In 2020, one of the largest wildfires in Los Angeles County raged across
the San Gabriel Mountains, scorching more than 115,000 acres, damaging or
destroying over 150 structures and raining ash and smoke down on pandemic-weary
Angelenos. But even after exhausted firefighters had finally snuffed out the
flames, the Bobcat Fire — like other so-called “mega-fires” that have become
more common due to climate change — carried the potential to wreak more havoc
in its wake. As rainstorms deluge burnt areas, flooding, mudslides and debris
flow can compound the fire’s damage. Understanding how water accumulates and
monitoring the movement of runoff and streamflow in burn areas helps authorities
predict when and where these post-wildfire events might occur so they can
provide affected residents with early warning of flash flooding and debris movement.
A slippery slope
Common knowledge has long held that loss of vegetation during a fire
leaves soil vulnerable to erosion because the plant roots that hold
the soil in place wither and die. Scientists, however, have long held
a different view, that as leaves burn, their waxy coating forms an organic,
oily substance on the soil’s surface. This waxy coating creates a
water-repellant layer at or near the surface. Scientists believed this
layer prevented the ground from absorbing water, resulting in rapid
water runoff akin to a Slip ‘N Slide that carries mud and debris.
A watershed finding
Scientists at the USC Dornsife College of Letters, Arts and Science,
in collaboration with researchers from the University of Michigan,
the U.S. Geological Survey and Rutgers University, monitored two wet
seasons following the Bobcat Fire, from December 2020 to March 2022.
The team concluded that water was, in fact, being absorbed by the
burnt ground that contained this waxy coating.
Specifically, the team studied three watersheds — areas of land that
drain rainfall and snowmelt into streams and rivers — in Southern
California’s San Gabriel Mountains. Two of the watersheds burned during
the 2020 Bobcat Fire and the other was mainly untouched.
The researchers found that post-wildfire, a significant portion of the
water flow in all three watersheds came from water that had been absorbed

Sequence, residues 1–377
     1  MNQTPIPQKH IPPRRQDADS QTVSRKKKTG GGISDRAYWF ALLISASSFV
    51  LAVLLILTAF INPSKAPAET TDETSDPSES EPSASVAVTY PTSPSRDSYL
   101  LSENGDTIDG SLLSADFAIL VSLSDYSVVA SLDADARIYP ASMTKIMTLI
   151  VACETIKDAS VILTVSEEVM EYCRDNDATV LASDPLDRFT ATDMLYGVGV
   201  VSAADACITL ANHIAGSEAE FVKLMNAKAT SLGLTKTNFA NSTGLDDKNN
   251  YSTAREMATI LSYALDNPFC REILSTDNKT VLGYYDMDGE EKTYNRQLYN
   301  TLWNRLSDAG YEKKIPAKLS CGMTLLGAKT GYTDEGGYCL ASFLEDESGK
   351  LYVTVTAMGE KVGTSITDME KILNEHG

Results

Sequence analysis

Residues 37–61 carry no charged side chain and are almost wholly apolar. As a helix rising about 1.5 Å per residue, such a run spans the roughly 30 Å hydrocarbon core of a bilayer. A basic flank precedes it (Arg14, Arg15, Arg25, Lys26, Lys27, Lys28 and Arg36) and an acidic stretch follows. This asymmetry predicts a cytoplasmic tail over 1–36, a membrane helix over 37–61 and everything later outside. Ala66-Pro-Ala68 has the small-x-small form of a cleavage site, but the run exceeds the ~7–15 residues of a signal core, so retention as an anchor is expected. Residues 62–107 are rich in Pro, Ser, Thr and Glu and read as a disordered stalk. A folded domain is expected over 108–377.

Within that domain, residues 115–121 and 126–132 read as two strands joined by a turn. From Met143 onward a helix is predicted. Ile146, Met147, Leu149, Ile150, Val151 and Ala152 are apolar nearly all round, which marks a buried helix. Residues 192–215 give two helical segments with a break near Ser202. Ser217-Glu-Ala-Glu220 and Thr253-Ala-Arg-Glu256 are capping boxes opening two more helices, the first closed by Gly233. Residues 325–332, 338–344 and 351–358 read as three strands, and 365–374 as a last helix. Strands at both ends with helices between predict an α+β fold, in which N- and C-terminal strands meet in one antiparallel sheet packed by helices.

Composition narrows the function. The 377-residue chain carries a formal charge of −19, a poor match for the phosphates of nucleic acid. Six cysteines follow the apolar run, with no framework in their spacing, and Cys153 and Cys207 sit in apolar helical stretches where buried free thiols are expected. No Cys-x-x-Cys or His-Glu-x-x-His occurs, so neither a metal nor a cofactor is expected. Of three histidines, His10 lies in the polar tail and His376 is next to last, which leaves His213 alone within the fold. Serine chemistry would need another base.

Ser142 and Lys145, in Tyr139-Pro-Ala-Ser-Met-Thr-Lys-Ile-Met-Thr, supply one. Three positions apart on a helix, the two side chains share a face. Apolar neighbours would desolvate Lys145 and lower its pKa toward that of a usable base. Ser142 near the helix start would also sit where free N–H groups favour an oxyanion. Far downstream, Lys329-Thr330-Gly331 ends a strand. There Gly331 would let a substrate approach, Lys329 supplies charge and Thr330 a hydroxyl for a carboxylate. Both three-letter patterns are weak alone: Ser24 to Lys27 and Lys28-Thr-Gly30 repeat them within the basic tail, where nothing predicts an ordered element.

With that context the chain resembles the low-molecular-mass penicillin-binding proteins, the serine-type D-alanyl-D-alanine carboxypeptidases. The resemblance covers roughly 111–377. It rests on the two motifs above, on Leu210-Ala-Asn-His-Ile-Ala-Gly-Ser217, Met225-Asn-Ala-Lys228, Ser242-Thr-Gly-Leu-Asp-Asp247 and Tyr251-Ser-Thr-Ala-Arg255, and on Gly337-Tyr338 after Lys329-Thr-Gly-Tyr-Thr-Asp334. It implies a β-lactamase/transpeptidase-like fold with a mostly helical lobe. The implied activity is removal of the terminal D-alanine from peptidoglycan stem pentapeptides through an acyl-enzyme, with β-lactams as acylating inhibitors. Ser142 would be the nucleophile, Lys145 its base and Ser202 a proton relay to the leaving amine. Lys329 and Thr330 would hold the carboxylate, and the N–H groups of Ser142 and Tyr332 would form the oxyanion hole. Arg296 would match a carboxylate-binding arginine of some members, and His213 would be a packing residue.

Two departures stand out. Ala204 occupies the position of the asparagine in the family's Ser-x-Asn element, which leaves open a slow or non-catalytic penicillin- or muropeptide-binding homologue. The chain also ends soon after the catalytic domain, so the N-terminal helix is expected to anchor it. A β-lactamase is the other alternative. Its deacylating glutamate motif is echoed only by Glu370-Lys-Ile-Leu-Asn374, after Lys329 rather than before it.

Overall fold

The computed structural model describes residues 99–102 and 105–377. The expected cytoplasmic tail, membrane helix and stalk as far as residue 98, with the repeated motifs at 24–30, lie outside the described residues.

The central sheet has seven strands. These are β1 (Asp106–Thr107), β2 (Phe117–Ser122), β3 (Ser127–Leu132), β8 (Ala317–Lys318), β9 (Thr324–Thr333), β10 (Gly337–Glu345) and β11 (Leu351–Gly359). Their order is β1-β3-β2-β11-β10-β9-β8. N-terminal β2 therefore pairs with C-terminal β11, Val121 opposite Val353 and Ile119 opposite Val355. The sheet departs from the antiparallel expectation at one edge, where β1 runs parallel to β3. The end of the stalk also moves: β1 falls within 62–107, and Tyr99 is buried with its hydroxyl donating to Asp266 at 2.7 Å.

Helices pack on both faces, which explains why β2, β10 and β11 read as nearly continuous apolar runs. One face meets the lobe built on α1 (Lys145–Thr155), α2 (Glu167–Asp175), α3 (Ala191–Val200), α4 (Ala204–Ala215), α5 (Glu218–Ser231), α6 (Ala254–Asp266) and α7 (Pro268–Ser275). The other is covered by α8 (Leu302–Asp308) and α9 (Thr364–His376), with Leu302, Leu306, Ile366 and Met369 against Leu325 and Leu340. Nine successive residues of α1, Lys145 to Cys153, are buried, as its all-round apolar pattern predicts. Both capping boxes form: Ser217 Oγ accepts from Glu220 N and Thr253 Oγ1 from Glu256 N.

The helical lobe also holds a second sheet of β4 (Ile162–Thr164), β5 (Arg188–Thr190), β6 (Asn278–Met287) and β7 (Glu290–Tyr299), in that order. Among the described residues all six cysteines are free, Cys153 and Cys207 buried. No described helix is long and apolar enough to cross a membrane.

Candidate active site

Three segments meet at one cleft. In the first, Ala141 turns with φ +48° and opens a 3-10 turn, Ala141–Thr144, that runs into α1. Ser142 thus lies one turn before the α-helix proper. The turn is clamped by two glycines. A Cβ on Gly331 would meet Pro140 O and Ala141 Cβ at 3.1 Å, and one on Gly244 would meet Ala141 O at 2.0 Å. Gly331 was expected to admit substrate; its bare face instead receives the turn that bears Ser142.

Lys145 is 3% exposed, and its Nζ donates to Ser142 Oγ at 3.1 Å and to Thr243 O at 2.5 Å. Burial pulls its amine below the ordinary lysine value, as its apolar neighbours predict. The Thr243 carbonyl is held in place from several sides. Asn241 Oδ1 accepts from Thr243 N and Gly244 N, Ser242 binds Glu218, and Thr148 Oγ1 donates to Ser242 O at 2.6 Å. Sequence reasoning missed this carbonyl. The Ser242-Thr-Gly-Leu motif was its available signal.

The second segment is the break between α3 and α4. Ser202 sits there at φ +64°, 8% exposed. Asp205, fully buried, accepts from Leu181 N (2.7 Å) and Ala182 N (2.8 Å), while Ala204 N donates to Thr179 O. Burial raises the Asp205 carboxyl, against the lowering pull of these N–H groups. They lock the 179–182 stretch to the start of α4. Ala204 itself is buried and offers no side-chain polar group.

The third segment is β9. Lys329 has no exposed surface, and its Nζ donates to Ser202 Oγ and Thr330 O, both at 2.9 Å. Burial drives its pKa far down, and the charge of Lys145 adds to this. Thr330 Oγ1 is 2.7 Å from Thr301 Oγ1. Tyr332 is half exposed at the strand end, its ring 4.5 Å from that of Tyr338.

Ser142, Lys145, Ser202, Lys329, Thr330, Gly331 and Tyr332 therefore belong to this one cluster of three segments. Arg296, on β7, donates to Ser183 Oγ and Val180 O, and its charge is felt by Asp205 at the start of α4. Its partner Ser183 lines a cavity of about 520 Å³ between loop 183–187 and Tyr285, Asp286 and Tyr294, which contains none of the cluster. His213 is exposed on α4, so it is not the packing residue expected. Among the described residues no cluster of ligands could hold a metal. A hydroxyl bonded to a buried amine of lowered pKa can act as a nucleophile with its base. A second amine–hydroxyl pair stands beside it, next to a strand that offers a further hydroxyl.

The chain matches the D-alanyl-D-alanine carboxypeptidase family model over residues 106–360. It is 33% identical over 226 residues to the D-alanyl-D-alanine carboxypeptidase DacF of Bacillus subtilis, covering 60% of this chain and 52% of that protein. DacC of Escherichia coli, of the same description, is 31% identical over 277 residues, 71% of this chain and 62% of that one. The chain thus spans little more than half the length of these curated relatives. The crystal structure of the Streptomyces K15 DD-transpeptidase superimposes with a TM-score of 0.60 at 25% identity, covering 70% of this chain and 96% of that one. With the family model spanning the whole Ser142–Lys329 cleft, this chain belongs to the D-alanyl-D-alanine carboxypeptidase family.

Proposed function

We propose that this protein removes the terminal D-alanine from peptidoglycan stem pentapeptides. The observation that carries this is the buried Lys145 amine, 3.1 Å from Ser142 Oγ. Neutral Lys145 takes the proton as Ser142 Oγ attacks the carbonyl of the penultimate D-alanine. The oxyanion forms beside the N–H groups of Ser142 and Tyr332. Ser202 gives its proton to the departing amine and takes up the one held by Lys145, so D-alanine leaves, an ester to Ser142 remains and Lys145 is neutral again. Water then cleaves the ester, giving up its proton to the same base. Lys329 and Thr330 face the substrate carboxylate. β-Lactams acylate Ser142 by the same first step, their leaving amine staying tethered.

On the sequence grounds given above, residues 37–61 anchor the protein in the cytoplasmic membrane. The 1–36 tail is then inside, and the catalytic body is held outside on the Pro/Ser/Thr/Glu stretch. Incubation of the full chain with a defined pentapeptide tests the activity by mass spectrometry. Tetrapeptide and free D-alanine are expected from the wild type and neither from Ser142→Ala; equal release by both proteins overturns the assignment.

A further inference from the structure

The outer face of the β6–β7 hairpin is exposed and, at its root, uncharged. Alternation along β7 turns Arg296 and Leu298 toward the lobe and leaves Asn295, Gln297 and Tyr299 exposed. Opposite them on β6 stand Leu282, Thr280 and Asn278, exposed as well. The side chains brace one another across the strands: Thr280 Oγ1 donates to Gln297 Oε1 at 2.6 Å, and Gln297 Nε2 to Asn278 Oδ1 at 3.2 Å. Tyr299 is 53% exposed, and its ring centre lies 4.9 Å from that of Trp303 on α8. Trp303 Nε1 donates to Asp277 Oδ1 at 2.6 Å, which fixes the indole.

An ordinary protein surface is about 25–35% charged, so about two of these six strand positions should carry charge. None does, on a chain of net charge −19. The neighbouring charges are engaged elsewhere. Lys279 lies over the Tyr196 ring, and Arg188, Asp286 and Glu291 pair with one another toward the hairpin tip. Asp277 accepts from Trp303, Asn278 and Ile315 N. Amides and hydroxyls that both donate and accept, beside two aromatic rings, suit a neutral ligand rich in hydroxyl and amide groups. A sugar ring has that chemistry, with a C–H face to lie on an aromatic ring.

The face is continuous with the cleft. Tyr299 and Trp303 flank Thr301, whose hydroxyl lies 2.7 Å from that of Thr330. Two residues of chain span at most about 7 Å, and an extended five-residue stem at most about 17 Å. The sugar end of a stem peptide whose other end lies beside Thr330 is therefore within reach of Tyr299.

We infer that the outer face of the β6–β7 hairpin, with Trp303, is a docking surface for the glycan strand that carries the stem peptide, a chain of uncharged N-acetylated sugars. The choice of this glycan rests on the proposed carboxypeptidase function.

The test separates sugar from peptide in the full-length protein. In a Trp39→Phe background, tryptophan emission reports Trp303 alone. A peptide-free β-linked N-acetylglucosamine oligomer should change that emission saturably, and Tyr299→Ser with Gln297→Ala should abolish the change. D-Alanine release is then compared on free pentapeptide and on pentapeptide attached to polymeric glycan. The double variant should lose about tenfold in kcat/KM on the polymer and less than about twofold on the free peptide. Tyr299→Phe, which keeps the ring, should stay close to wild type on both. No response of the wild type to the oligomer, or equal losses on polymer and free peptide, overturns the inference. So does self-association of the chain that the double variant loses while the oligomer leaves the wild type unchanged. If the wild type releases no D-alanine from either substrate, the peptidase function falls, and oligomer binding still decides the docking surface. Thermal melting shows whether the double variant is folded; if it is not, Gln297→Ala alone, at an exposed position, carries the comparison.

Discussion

in the ground. Joshua West, professor of Earth sciences who led the
study at USC Dornsife, said it was no surprise that the flow of water
and debris in the burned area’s stream was four to 10 times greater
than the flow in the unburnt area’s stream. What he didn’t expect
was that stormwater had permeated the ground in both of the burnt watersheds.
This finding contradicted scientists’ previous beliefs that little water
would be absorbed in the burnt watershed due to the presence of waxy soils.
In the unburnt watershed, however, the researchers found that trees
absorbed the water as anticipated, preventing it from reaching streams.
Images of the 2020 Bobcat Fire area indicate soil burn severity and the locations the researchers studied.
Water build-up poses enduring threat
Identifying areas that are at high-risk for debris flow and mudslides
and accurately predicting the amount of debris flow following rainfall
in burn areas depends on understanding how water infiltrates the soil
in different areas and how it contributes to the flow of streams. Also,
the dynamics of water flow and how water accumulates below the surface
can significantly impact how quickly landscapes recover after a wildfire.
This recovery affects the stability of hill slopes and helps buffer
forests against severe drought.
On the flip side, water accumulation can contribute to landslides for
up to four years after a fire as pressure builds up in the soil.
“The underground water accumulation suggests that the potential for
landslides extends far beyond the two years following the fire, posing
an enduring problem,” West said. “The abundance of water stored in
areas affected by the Bobcat Fire, for example, could serve as a
harbinger of future flooding concerns in the years to come.”
Provided by the IKCEST Disaster Risk Reduction Knowledge Service System